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Learning Aims

The Sociology Department has 5 key Learning Aims for students taking courses and completing the major and minor:

1. Understand and be able to apply a sociological perspective proficiently to a range of social issues, as demonstrated by:

  • Describing and giving examples of how a sociological perspective and the discipline of sociology differs from and is similar to the other social sciences.
  • Describing how a sociological perspective and the discipline of sociology contributes to the liberal arts understanding of social reality.
  • Applying the sociological imagination, sociological principles, and concepts to their own lives and to social problems.

2. Demonstrate an ability to think critically, as evidenced by:

  • Using sociological research and analytical skills to critically evaluate claims made about social reality.
  • Showing how patterns of thought and knowledge are influenced by culture and social structure.

3. Master fundamental sociological theory and concepts, as demonstrated by:

  • Defining, giving examples, and demonstrating the relevance of the following: culture, social change, socialization, stratification, social structure, institutions, and differentiations by race/ethnicity, gender, sexuality, and class.
  • Comparing and contrasting basic theoretical orientations.
  • Applying sociological theories and concepts to social phenomena, both locally and globally.

4. Demonstrate a complex understanding of how difference and patterns of inequality in the U.S. and globally are produced and sustained, as demonstrated by:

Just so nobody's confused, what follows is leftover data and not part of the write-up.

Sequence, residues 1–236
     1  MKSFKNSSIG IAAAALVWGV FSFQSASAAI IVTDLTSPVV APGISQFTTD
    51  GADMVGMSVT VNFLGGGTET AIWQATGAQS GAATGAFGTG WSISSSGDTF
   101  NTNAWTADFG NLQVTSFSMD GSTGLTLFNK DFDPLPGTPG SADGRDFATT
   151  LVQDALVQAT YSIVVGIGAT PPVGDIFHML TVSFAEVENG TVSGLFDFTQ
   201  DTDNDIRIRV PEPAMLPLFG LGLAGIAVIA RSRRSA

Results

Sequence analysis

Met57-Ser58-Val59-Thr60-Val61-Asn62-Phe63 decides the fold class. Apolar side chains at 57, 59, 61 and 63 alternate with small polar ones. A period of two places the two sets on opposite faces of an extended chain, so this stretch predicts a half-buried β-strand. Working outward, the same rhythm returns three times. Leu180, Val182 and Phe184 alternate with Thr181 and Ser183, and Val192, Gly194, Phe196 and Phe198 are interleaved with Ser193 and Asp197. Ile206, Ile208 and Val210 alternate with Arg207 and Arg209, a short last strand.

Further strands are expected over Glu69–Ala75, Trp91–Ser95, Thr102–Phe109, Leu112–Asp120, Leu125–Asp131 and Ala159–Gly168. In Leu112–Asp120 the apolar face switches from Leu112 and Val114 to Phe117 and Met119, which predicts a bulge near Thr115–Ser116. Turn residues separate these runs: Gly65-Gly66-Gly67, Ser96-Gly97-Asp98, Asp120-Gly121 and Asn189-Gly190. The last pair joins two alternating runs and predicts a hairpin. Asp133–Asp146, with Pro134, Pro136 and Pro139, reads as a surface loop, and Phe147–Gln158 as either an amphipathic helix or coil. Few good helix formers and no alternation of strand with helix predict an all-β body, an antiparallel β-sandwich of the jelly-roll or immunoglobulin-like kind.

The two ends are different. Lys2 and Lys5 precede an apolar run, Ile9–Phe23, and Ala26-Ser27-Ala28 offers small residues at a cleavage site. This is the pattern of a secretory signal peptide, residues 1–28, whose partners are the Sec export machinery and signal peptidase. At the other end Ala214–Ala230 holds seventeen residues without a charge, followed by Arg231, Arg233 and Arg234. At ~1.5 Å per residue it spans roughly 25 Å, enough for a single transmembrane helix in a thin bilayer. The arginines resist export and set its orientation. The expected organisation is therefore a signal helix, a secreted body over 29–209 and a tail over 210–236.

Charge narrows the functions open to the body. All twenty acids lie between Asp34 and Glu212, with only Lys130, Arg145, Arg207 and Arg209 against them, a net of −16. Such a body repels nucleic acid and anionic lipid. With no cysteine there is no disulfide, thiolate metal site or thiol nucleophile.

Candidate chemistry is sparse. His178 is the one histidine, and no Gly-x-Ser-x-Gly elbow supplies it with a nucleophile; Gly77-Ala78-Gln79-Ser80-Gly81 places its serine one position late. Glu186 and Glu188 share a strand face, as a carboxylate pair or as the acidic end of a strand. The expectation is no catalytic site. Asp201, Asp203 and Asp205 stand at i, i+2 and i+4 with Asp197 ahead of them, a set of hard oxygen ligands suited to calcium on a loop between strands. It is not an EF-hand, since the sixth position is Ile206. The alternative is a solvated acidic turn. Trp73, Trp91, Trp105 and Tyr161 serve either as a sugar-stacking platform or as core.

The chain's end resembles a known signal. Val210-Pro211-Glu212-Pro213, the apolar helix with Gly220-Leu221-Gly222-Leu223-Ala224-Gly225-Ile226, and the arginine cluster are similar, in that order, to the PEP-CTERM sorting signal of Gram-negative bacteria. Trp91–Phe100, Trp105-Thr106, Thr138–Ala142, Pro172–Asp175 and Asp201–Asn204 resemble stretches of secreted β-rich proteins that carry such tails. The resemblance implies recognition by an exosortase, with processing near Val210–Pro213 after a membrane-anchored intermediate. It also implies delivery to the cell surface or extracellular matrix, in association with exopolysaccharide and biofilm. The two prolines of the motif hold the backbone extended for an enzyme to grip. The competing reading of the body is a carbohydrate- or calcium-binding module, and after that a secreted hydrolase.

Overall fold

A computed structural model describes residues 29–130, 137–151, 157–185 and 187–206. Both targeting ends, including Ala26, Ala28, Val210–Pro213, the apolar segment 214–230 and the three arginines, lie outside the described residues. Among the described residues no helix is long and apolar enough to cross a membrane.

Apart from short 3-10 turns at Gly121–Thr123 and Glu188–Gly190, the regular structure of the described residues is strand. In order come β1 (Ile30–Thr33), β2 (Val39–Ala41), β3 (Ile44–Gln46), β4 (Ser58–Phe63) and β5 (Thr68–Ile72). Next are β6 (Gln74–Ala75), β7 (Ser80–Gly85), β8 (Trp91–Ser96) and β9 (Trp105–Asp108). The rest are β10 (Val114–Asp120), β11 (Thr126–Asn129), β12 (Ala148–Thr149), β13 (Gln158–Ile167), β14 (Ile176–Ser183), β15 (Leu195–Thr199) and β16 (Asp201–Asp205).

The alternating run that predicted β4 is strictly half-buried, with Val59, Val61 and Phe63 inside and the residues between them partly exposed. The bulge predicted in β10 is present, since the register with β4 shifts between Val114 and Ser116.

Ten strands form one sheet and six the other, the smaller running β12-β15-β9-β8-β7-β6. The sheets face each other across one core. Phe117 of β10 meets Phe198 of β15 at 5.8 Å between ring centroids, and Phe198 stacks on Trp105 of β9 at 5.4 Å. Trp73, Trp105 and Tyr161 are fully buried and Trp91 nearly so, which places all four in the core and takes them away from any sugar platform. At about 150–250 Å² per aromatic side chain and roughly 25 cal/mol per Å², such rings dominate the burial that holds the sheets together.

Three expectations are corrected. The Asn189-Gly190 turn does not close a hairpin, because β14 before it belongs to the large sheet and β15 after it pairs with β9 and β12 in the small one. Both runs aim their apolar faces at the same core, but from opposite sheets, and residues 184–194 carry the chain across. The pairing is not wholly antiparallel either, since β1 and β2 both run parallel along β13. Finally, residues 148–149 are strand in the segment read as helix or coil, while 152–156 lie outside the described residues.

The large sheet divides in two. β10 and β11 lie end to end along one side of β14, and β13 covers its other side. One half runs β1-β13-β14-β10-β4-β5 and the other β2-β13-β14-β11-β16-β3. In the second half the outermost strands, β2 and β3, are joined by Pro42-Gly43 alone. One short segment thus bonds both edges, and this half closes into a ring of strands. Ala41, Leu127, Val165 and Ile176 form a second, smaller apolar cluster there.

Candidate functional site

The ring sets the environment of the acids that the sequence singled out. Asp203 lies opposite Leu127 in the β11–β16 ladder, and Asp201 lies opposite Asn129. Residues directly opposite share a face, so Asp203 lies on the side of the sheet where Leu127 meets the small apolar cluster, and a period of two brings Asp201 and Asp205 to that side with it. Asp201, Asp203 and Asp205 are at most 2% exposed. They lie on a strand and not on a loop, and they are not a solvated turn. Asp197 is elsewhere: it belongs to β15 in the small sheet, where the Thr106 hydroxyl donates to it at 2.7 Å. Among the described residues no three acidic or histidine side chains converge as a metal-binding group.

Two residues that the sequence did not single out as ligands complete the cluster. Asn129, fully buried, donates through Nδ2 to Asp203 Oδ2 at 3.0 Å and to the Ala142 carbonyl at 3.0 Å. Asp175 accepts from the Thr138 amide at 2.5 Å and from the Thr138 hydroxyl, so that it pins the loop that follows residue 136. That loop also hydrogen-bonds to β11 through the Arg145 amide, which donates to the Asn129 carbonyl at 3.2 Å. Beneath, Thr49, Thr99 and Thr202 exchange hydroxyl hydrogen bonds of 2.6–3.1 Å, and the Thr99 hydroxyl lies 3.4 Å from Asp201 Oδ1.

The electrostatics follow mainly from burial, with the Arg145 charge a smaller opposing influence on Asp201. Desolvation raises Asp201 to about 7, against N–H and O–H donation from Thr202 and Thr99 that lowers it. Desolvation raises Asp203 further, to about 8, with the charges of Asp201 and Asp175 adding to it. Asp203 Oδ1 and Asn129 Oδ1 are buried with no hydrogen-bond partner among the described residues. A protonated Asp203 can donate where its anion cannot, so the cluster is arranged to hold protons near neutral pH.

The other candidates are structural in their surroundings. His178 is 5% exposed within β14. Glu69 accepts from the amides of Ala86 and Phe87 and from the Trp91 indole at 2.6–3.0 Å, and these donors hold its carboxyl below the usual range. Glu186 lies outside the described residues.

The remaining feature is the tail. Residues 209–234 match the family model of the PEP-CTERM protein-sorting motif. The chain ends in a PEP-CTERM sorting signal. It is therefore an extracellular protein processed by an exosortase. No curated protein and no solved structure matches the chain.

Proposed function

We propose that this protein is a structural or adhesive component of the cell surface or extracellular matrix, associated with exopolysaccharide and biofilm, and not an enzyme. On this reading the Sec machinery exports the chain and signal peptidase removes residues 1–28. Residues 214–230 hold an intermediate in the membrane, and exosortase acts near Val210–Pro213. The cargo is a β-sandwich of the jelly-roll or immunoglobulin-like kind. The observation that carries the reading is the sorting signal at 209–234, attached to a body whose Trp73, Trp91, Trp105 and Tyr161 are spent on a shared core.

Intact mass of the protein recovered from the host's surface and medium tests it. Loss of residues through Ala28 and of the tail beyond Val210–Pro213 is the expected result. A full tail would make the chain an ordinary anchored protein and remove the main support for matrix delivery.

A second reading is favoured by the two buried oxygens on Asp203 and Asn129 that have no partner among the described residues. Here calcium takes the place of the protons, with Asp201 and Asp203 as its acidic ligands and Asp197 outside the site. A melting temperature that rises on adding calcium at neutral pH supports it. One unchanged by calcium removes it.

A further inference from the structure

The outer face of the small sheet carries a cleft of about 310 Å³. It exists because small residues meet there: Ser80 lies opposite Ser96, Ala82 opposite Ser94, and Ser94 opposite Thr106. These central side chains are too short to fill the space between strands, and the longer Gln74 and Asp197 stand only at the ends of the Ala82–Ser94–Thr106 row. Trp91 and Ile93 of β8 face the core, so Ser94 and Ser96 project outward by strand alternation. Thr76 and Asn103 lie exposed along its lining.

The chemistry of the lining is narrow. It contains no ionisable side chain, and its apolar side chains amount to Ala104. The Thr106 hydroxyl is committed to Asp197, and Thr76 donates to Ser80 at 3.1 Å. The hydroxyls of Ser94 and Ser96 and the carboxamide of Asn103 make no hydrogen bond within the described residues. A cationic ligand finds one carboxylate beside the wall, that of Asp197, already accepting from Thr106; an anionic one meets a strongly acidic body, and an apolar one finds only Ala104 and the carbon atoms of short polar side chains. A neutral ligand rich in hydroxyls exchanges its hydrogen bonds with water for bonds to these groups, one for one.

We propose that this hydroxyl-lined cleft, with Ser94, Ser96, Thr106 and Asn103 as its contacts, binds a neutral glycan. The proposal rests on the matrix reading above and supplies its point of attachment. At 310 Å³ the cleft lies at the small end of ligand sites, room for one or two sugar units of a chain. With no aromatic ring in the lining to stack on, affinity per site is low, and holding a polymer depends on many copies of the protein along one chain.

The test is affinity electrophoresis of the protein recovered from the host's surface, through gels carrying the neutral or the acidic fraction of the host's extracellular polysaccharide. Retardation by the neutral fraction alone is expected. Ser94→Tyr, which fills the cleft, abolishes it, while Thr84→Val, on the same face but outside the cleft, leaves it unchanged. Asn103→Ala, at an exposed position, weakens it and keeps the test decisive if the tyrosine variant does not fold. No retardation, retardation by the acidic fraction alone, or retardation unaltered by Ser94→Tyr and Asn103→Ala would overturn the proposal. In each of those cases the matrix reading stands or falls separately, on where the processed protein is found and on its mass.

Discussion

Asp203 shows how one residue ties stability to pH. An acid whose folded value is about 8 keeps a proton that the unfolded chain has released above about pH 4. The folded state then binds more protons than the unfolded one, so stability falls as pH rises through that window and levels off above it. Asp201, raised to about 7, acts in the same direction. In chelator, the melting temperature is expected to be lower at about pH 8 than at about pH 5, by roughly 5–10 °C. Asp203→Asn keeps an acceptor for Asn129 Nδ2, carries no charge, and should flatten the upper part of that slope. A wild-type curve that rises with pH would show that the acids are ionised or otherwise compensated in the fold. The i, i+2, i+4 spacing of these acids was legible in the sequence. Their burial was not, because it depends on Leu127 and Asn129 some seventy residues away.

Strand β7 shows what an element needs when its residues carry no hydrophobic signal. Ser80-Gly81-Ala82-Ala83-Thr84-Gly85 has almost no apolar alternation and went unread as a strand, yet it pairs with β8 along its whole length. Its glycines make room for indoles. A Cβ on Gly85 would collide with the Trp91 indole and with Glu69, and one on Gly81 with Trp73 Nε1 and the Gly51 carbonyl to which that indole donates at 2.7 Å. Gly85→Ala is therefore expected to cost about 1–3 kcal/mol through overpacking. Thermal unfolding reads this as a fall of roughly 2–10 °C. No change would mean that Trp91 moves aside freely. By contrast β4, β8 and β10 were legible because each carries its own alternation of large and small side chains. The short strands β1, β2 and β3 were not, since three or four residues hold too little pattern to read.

• Describing the significance of empirical variation by race, class, and gender/sexuality in various U.S. and international contexts.
  • Describing the role of collective action, culture, structure, and the institutionalization of culture and policies (both formal and informal) in constructing and sustaining difference and inequality.
  • Describing the intersecting nature of structures of inequality and privilege and the varied ways in which these are experienced by others and themselves.
  • Proficiently applying sociological concepts to analyze the great moral issues of our time including poverty, racism, sexism, homophobia, genocide, war and peace, religious tolerance and intolerance, the defense of human rights, and the environmental impact of human activity.

5. Demonstrate a thorough understanding of the role of evidence in sociological thinking and how empirical evidence may be collected and analyzed to answer sociological questions, as demonstrated by:

  • Defining and explaining the relevance of key qualitative and quantitative methodological concepts.
  • Describing the general role of empirical investigation in building sociological knowledge.
  • Comparing and contrasting the basic methodological approaches for gathering data.
  • Designing a research project in an area of choice and explaining why various decisions (concerning sampling, data collection, analysis, and informed consent, etc.) were made.
  • Critically assessing a research publication.

The Sociology Department’s goal is that all sociology majors achieve three levels of mastery by graduation.

  1. Knowledge – Correct understanding via clear description/definition of key concepts.
  2. Application – Correct use of key concepts to explain social phenomena.
  3. Integration – Effective connection of key concepts/processes employed to explain social phenomena.

Annually, the Sociology Department reviews the work of students enrolled in senior level courses to ascertain if all levels of mastery have been achieved.

(Revised December 2021)